|"What are this?"|
The leadrope was wrapped around her neck, FYI.
Need I mention this was during an arctic outflow warning and -19C weather?
We just roll like that in the north.
I pulled Annie out and stuffed a few handfuls of grain into a bucket (because I am the worst Horse Mom ever and rarely bring treats with me to the barn. But to be fair, Spud solidified my choice in not feeding treats regularly when he decided to try and bite Suzie while she was taking a treat from me and ended up chomping on my hand. Yah... not cool little pony. Not cool).
I let Annie investigate everything as I pulled open the doors and dropped the ramp - she softly snorted and looked pretty anxious, but was listening to my body language and assessing the situation. That is something I really enjoy about her - she won't freak out about something without first assessing what is going on.
|Clearly, I traumatized her.|
The ground-work I had been doing with her helped immensely, as when I asked her to back out she immediately obeyed (even though she was kind of like "Why are we backing out of the trailer?"). I repeated the exercise three more times and each time tried to get her to be more self-sufficient.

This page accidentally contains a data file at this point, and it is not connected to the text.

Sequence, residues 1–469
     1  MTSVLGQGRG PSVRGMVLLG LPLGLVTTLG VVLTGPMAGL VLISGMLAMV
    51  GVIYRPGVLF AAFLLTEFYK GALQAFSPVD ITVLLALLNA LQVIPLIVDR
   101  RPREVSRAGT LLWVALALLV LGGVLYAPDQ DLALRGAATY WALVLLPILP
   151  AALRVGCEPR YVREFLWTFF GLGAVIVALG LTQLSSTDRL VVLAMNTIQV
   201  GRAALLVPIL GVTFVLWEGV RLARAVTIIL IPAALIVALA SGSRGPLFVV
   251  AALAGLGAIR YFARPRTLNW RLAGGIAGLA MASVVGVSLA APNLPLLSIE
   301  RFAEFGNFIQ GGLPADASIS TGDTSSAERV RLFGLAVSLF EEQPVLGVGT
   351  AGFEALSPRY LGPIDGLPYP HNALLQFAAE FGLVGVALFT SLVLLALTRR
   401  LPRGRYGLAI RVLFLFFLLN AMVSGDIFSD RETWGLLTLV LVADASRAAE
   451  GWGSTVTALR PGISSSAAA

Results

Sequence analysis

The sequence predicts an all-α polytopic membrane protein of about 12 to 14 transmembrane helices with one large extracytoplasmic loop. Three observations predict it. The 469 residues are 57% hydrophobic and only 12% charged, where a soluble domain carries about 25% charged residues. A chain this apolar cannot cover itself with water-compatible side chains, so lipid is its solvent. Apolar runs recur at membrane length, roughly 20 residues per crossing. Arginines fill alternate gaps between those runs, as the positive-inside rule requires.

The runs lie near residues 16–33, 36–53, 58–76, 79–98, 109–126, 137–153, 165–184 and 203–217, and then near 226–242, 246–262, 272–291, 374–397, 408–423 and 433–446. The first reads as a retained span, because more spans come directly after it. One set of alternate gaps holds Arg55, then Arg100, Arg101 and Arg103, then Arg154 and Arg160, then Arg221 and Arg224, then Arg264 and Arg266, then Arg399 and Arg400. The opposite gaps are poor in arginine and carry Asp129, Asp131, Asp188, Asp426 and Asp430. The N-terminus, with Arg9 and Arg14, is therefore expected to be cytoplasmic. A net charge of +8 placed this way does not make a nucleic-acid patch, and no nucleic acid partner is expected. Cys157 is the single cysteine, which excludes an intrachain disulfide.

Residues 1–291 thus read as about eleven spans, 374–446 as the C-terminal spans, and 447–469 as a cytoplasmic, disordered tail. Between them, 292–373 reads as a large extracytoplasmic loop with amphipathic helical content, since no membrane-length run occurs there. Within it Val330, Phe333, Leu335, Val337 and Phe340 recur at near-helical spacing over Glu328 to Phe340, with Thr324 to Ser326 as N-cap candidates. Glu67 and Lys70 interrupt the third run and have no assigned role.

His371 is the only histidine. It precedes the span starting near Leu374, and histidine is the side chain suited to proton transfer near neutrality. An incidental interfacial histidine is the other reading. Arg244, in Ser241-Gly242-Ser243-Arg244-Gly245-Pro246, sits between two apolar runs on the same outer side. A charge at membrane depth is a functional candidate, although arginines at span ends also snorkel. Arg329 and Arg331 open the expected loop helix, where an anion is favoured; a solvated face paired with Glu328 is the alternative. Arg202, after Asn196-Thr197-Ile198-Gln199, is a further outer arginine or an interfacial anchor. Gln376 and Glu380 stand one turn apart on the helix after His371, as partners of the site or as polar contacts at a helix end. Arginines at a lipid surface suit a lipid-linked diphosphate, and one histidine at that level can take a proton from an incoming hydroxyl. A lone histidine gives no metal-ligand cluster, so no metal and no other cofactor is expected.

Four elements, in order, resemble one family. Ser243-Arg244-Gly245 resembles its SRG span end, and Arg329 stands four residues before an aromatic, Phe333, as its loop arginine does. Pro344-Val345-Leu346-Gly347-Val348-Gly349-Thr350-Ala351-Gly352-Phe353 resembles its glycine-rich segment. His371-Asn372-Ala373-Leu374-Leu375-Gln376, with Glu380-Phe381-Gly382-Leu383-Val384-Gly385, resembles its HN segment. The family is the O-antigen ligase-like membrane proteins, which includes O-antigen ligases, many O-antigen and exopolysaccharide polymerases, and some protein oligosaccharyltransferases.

For example, on the second attempt at loading, I attempted to get her to self-load (which was a fail), but I had her stand in the trailer quietly as I jumped out the escape door, walked around and did up the butt bar for her to feel it. She set back on the butt bar on our third time loading, but only because I think she was caught off-guard by the fact it wouldn't budge and she seemed like she wasn't totally sure how to fix it. I wandered over to the front of the trailer and grabbed her leadrope through the side window and clucked her up. She seemed pretty relieved that I had helped her, which was a bit hilarious since all she had to do was literally move one step forwards.
|"But... but... I need someone to hold my hand... er hoof."|
We will keep practicing with it, and little by little I know she will get the hang of self-loading and backing out on her own. I don't intend to make use of the escape door too much, as I don't necessarily want to be in the trailer with her as she loads/unloads, but for now it works for us and I am glad to have an "escape route" should things ultimately go south.